This growth was fuelled by strong consumer demand, unprecedented injection of new capital into companies, technologies, and projects, and a wave of supportive new policies.
“As the world grapples with the impacts of climate change and disruption of energy markets, the momentum gained by the clean energy transition in 2021 is a beacon of hope, pointing the way forward” said Lisa Jacobson, BCSE President. “I am confident that the upward trends we saw in 2021 will continue and that long-term investment in the clean energy portfolio of energy efficiency, natural gas, and renewable energy will yield powerful dividends in terms of energy security, economic benefit to our country and emission reductions.”
Consisting of 50 slides with data visualisations, the Factbook is a succinct resource that highlights the status of sustainable energy in the US as the country pursues its climate goals. In addition to highlighting the contributions of key energy sectors to 2021’s performance, the Factbook weaves together important market and investment dynamics, technology trends and policy developments. The conclusions drawn from the data not only point to the current momentum of the clean energy transition, but also underscore the need for additional public policy support that accelerates the speed and scale of the deployment of clean energy and energy efficiency solutions.
“Last year really was a year of firsts” added Ethan Zindler, BloombergNEF’s head of Americas. “We saw record volumes of new capital deployed to support the transition to a lower-carbon economy, a record number of electric vehicles sold, and record contributions to the power grid from zero-carbon renewable sources of power. Still, there are plenty of open questions about future demand that clearer signals from Washington could resolve.”
As revealed in the Factbook, the story of the US energy transition in 2021 is rooted in previously unseen levels of investment. Global private investment soared to $755 billion in 2021. The US set a record at $105 billion. Meanwhile, the federal government made an unprecedented $80 billion pledge to support energy transition with the enactment of the Infrastructure Investment and Jobs Act, which looks to leverage significant private sector investment.
Another key driver was large energy consumers, namely large corporations, demanding more clean energy. In 2021, companies signed contracts to procure a record 17 gigawatts of renewable capacity. In addition, a total of 351 companies have now pledged to procure 100 percent clean energy, with 65 new companies joining RE100 in 2021. These market signals set the stage for continued increases in clean energy in 2022 and beyond.
US energy productivity, energy supply and energy demand all rose in 2021 compared to 2020, the year Covid-19 first buffeted the economy. Energy productivity – the ratio of energy consumed in the US compared to the economy’s overall gross domestic product – improved 1.3 percent and the share of US electricity demand met by natural gas and renewable energy increased to 59 percent.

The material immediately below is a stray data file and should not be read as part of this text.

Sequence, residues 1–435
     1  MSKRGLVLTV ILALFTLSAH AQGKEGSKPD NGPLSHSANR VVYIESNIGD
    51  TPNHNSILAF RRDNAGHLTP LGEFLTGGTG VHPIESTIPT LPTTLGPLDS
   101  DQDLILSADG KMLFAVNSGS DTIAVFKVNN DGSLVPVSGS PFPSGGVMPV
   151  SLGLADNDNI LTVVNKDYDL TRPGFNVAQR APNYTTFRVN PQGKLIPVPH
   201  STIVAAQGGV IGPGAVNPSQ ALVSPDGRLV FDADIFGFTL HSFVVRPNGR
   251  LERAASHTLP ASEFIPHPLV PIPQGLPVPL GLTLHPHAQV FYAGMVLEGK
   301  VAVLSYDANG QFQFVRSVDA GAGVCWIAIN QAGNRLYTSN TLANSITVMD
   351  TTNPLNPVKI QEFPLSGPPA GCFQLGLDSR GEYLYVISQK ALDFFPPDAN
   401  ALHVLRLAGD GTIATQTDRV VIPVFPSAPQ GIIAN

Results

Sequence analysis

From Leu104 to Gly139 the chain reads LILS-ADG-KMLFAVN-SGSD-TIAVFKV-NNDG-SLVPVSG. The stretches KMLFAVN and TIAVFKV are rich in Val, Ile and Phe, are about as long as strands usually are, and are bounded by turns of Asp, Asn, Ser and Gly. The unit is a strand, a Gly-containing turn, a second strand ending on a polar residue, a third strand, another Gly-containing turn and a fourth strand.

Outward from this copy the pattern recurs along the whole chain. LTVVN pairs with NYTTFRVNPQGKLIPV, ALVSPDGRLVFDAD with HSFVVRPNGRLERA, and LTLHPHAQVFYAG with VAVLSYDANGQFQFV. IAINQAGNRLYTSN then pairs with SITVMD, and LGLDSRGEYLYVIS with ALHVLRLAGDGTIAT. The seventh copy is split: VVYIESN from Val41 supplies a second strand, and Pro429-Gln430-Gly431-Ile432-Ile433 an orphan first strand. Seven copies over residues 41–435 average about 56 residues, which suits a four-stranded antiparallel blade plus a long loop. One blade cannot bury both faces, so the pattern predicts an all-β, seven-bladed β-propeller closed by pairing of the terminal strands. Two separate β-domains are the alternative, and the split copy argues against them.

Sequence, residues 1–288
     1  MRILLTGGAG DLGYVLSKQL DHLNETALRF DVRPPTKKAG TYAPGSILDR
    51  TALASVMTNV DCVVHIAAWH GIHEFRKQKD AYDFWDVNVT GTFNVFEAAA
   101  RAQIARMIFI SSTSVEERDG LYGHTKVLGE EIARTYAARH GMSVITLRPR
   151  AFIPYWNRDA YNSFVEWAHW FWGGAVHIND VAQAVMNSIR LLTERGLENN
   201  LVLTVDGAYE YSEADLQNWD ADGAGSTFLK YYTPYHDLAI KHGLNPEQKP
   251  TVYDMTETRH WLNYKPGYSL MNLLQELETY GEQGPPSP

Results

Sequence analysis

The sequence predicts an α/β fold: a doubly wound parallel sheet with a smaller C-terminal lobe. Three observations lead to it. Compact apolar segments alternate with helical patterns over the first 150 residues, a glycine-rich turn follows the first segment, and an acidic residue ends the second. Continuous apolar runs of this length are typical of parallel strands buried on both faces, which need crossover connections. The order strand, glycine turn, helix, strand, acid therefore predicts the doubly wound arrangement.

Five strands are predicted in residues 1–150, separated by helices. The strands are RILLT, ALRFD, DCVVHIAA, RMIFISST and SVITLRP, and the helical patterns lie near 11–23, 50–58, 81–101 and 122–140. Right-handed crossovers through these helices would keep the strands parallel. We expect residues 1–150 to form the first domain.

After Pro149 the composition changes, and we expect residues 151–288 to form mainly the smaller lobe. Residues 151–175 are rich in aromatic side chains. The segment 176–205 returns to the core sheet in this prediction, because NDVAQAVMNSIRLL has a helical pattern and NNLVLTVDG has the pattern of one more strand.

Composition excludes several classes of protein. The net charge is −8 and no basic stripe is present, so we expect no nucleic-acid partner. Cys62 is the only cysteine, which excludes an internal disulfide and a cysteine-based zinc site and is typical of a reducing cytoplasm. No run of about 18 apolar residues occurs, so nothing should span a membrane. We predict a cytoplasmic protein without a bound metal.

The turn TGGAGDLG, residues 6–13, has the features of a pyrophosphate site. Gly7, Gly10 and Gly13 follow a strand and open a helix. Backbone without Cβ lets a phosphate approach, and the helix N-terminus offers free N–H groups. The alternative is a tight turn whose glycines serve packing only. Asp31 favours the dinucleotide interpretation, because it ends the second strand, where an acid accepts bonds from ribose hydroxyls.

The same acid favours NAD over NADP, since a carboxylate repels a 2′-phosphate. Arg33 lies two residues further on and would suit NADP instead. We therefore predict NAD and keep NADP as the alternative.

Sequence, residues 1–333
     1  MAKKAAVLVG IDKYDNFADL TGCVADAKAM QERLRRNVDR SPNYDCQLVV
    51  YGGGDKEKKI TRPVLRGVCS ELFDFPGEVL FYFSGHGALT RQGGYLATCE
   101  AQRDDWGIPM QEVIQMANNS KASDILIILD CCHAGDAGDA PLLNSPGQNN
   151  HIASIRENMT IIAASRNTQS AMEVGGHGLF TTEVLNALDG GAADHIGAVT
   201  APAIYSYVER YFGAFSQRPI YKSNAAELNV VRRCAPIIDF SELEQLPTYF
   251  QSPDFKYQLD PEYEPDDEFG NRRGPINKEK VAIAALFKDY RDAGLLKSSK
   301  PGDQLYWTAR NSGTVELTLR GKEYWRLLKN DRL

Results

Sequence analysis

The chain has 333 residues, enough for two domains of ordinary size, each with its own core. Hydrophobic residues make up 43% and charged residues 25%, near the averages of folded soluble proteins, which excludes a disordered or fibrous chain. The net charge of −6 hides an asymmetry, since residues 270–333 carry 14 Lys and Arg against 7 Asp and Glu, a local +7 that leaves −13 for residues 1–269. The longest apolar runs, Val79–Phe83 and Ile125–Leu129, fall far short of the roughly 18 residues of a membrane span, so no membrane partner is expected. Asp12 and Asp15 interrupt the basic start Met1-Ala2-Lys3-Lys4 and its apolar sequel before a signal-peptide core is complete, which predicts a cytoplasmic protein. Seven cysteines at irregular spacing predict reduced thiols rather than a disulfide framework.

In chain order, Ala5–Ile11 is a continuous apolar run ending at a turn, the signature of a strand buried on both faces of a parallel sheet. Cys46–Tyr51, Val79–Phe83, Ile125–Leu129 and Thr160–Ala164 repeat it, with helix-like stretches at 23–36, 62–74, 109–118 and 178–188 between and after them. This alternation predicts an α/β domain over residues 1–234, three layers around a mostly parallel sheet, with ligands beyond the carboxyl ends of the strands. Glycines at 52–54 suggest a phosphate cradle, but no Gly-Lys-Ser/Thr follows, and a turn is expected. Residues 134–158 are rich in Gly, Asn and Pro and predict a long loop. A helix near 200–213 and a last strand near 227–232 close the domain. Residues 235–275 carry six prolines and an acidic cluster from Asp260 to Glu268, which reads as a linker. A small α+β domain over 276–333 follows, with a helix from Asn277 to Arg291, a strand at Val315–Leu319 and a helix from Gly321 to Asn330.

The rise of clean energy generation and the adoption of energy efficiency measures helped US household energy costs remain historically low in 2021, even when confronted with higher prices for many goods and energy-related products, namely gasoline, due to supply chain disruptions and inflation. In fact, Americans felt the energy price squeeze much less acutely than others elsewhere in the world. These impacts make the case for continued investment in energy efficiency technologies.
One area that did not see improvement in 2021 was US greenhouse gas emissions. As Covid-19 restrictions lifted in 2021, total CO2 emissions jumped 5.8 percent year-on-year. However, this came immediately on the heels of a sharp drop in 2020 as the pandemic first took hold. Thanks to investments already made in low and zero-carbon technologies, total US emissions finished 2021 4.4 percent below 2019 levels and 15 percent below 2005 levels.
In the power sector, emissions rose year-on-year as coal-fired generation rebounded, offsetting natural gas generation. This change should be short-lived due to the record levels of renewable build and other clean energy investments seen in 2021. But the rise in emissions signals the need to enact policies that will help reduce emissions and protect communities from the worst impacts of climate change, including the increasing severity and cost of extreme weather events as experienced in 2021.
Historic public and private sector investment, increased consumer demand and the enactment of supportive new policies drove growth in the energy transition, despite the challenges and uncertainties of Covid-19 business conditions. As a result, clean energy played a key role in the US economy in 2021 and set the stage for even more growth in 2022.
For additional information: